The first time around in 2012, the youth orchestra performed in some of the great concert halls of Europe.
Music Director Brett Mitchell wanted to cover new ground this summer. He’s guest-conducted all over the world, but this will be his first international tour as a music director, and his first trip to China.
“This is a brand new world for me just like it is for most of the students in the youth orchestra. We do have a good number of students in the orchestra who are either from China themselves or their parents are from China, so a lot of the kids are going to have a leg up on me.”
Four cities in 9 days
There will be 4 performances, starting next Thursday in Beijing’s Forbidden City Concert Hall.
Friday they’ll be in Tianjin.
Sunday they’ll travel 800 miles by high-speed train to Shanghai, with a final concert the following day in Ningbo. “Unheard of as it is over here it’s got like 8 million people in it. It’s going to be great. I think we’re going to have very enthusiastic crowds.”
Mitchell, in his second season leading the youth orchestra, is also Associate Conductor of the Cleveland Orchestra. Members of the adult orchestra serve as mentors.
“Having one of the greatest orchestras in the world be our parent organization, the standard because of that affiliation is so incredibly high.”
All the excitement you would expect
League of American Orchestras President Jesse Rosen heard that loud and clear at the league’s recent convention in Cleveland.
“They played at our opening session, the last movement of the Tchaikovsky 4th symphony. They are a wonderful orchestra. The kids obviously wonderfully engaged and play with all the excitement that you expect from young people encountering this music for the first time.”
Seventy-five dedicated musicians, some as young as 12, are going on tour. For months they’ve been rehearsing Tchaikovsky, Shostakovich, and more at weekly four-hour rehearsals at Severance Hall.
“Real repertoire much of which would challenge 90% of orchestras in this country, and they invariably rise to the occasion.”
It’s not an easy orchestra to get into. You have to be studying with a private teacher and must also perform with your school orchestra. Plus, you have to be very, very good.
“We had something on the order of 50 violinists that auditioned this year for about 11 spots that were available in the orchestra.”
Trumpeter Lea McClure is in her second season with the Cleveland Orchestra Youth Orchestra.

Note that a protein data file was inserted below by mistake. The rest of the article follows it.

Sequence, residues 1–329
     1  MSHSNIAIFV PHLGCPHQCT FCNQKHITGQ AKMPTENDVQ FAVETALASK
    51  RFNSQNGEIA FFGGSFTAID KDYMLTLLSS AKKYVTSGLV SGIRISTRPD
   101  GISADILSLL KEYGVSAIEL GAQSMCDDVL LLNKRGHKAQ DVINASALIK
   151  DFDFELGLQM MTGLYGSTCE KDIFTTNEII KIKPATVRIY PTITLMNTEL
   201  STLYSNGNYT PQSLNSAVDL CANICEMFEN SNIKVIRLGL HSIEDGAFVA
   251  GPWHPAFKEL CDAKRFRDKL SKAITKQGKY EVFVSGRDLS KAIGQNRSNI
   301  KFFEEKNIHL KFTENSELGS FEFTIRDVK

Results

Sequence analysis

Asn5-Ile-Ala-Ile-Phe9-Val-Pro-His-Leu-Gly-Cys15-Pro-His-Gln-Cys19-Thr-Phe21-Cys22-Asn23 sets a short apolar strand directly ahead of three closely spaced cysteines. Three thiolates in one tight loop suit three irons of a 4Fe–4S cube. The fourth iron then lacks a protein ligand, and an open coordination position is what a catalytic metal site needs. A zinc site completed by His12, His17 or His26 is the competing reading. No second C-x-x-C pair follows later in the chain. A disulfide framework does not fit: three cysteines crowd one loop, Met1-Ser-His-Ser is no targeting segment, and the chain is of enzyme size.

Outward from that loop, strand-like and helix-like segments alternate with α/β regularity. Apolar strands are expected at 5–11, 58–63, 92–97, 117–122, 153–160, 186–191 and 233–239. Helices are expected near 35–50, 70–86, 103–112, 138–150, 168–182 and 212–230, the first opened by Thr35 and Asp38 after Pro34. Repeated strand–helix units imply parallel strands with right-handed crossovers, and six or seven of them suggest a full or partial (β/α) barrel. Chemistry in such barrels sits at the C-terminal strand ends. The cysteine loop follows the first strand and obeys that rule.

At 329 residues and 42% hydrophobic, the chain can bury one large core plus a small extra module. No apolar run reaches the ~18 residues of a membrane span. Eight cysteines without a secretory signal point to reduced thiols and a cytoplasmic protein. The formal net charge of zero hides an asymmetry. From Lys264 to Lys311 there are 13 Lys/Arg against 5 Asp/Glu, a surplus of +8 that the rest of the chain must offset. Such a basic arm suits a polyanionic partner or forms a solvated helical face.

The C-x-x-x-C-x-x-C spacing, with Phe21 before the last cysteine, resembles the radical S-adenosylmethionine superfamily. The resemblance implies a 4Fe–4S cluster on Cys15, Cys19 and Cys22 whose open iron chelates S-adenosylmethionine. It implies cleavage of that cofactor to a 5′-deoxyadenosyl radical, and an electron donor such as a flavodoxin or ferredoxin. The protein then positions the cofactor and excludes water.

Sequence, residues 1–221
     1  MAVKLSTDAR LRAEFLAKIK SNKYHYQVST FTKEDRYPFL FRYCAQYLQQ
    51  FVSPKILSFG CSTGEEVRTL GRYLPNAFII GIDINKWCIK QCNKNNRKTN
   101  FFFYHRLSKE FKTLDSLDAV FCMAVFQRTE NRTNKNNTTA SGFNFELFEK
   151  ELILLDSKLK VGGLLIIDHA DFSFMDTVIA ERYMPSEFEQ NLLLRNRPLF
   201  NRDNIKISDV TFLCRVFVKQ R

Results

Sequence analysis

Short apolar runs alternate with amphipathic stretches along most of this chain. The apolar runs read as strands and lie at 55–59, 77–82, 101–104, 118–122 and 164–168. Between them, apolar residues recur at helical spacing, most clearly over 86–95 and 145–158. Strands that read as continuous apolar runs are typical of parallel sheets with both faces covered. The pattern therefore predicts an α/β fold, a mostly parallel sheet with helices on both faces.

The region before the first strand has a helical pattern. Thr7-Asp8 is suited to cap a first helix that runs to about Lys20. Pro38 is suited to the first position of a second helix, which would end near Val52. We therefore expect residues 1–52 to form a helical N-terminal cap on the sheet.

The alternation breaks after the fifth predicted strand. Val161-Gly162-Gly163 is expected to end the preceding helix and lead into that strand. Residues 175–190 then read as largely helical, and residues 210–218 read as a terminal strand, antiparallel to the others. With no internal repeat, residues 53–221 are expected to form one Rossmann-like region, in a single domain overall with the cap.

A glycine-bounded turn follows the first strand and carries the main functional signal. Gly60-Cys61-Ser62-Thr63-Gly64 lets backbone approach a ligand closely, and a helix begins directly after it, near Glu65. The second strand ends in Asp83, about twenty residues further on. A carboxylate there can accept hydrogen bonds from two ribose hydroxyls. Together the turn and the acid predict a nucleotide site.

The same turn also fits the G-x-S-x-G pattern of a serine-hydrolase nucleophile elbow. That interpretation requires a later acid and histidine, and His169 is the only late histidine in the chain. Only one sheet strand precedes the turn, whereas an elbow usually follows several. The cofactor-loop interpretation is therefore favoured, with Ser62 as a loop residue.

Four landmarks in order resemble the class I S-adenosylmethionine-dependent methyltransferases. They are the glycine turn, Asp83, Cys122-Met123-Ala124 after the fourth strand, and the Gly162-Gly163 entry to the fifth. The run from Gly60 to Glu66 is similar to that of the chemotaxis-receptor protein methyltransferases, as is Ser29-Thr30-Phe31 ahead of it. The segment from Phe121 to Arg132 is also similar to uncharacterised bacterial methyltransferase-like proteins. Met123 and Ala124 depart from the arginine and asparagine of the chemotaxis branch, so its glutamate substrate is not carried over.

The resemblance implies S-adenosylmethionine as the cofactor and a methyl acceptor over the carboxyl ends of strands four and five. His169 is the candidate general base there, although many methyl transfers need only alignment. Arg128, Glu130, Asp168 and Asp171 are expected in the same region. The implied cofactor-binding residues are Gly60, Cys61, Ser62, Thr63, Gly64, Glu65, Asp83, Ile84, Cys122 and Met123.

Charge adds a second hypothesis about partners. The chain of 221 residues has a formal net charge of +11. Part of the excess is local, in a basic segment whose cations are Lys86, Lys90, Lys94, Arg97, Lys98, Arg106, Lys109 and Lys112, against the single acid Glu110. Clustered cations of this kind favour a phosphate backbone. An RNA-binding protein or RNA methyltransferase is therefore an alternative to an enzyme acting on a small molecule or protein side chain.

“It’s certainly a lot of hard work, but it’s something that I’m interested in pursuing myself. So it’s gotten me very eager to start pursuing my career.”
The recent Rocky River High School grad will study with Cleveland Orchestra trumpeter Jack Sutte in her freshman year at Baldwin Wallace College.
18-year-old violinist Maggie Niekamp of Akron is on a similar path. She’ll study next year at the Cleveland Institute of Music with Cleveland Orchestra violinist Stephen Rose.
“My ultimate goal is to be in a professional orchestra, so I think that being in the Cleveland Orchestra Youth Orchestra has really helped develop my passion for it.”
Ambassadors for their region and schools
Going to China is a privilege Maggie takes very seriously. “I just graduated from Firestone High School and so I feel like I’m representing my school and just Akron in general.”
She’ll take time to see the sights. “I’m really looking forward to seeing the Great Wall. That’s on my bucket list.”
Glad as he is that Maggie’s going, her dad Chris already looks forward to her return. “It’s a little stressful sending an 18-year-old daughter off overseas to China.”
But he’s been reassured. “They’ll be surrounded by good people and have a good safety net there.”
The students have to pay their own way on tour, but some have scholarships and a touring fund established by Jules and Ruth Vinney helps cover costs.
Lea McClure’s mother is going along as a chaperone. It’s a musical family. “My parents played a lot of like classical rock when I was growing up, but not a lot of classical music.”
Her conductor, Brett Mitchell, also came late to the genre.
“Very similar to Lea, the music that my parents listened to, an awful lot of Beatles, an awful lot of Simon and Garfunkel. It wasn’t really until high school that I really started getting into classical music.”
The conductor can relate
That helps him, he thinks, in working with students. “I know what it’s like to encounter these masterpieces for the first time. It’s a real honor for me to get to help these young minds open up to this amazing repertoire that I’ve spent the last 20 years getting to know myself.”
Getting to know not just the music but her fellow musicians better is among the benefits trumpeter Lea McClure sees in the China tour.
“It’s so culturally different from anything that we’ve ever experienced in our lives. It brings everyone together to get them excited for such a new experience.”
With departure just days away, the trip still seems unreal to Lea. “It doesn’t really seem like it’s actually happening," she says, "but I think that once we get on the plane everyone will be like, ’ Wow, we’re actually going to China now."
"I think once we enter into about hour eight or nine of the flight, says Brett Mitchell, "then it will become clear that we are going a long, long way, Toto.”
And just before they go, the Cleveland Orchestra Youth Orchestra will perform the music they’ll play on tour in a free concert Sunday afternoon at Severance Hall.